Poor, lightly inhabited, and ravaged by the Depression, Montgomery County in 1936 was home to some sixteen thousand persons, most living on small farms. Troy, the county seat, counted 1,861 residents in 1940; Mt. Gilead, ten miles to the southwest, just 915; and Biscoe, Star, and Candor had 843, 611, and 503, respectively. Pine forests covered fully three-quarters of the county, and farms yielding a modest mix of standard field crops, cotton, and peaches comprised the remainder. The county had not gained a hard-surface road network until the 1920s, when a state road-building program finally reached the area. Industry, mostly in the form of small textile mills, arrived relatively late to Montgomery County but by the late 1920s eclipsed the very modest revenues generated by farming and lumbering activities.

After 1929, the Depression savaged factory and farm alike. By 1933, local unemployment exceeded 30 percent, with receipts from both sectors halved. During the 1930s, federal relief programs generated nine of every ten job placements for desperate local job seekers. By 1938, most of the rest of the country had seen at least some modest economic recovery, yet in tiny Mt. Gilead, lacking a textile plant or other important manufacturing businesses, conditions were so grim that a visiting University of North Carolina professor of rural social economics consigned the community to a list of “vanishing towns.” A second contemporary observer noted ruefully that “Mt. Gilead seem[s] likely to become a ghost town.”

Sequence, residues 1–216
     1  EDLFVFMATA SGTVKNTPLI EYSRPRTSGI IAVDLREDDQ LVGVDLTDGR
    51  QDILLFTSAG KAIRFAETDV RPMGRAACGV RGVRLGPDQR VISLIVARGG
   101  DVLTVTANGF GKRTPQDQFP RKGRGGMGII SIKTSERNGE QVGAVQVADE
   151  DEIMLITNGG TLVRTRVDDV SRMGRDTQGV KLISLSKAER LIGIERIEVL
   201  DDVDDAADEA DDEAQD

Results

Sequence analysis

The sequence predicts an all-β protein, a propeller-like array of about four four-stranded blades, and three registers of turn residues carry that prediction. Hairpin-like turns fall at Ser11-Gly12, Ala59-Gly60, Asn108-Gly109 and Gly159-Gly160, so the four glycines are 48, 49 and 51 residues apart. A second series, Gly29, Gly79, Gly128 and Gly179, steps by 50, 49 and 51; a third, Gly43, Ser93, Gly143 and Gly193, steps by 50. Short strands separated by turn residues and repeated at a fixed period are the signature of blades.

The Depression fell hardest on Montgomery County’s thirty-seven hundred African Americans, who were already subordinated economically, socially, and politically. The average black adult in the county had managed just five years of schooling; the average white, eight years. Black illiteracy stood at 25 percent in the 1930s, against nearly universal white literacy. Shut out of textile mill employment, black men worked primarily as farmers, sharecroppers, or simple laborers, and black women as domestics. Blacks in Montgomery County in the mid-1930s controlled only 2 or 3 percent of all taxable assets. They owned no timber, mineral, or industrial property in the county; no businesses save perhaps for the odd small cafe, boarding house, or social club; relatively little farmland and few city lots; and scarcely any taxable personal property. Black per capita income was just half that of whites, at a time when the latter figure in rural, Depression-afflicted Montgomery County was itself a very modest sum. Blacks occupied the worst of the county’s housing stock, most of which, particularly outside the county’s few modest towns, took the form of rough shacks.

Richard A. Rosen is professor of law emeritus at University of North Carolina at Chapel Hill. 

Joseph Mosnier earned his Ph.D. at the University of North Carolina at Chapel Hill and now pursues his interest in social justice in the arena of global public health.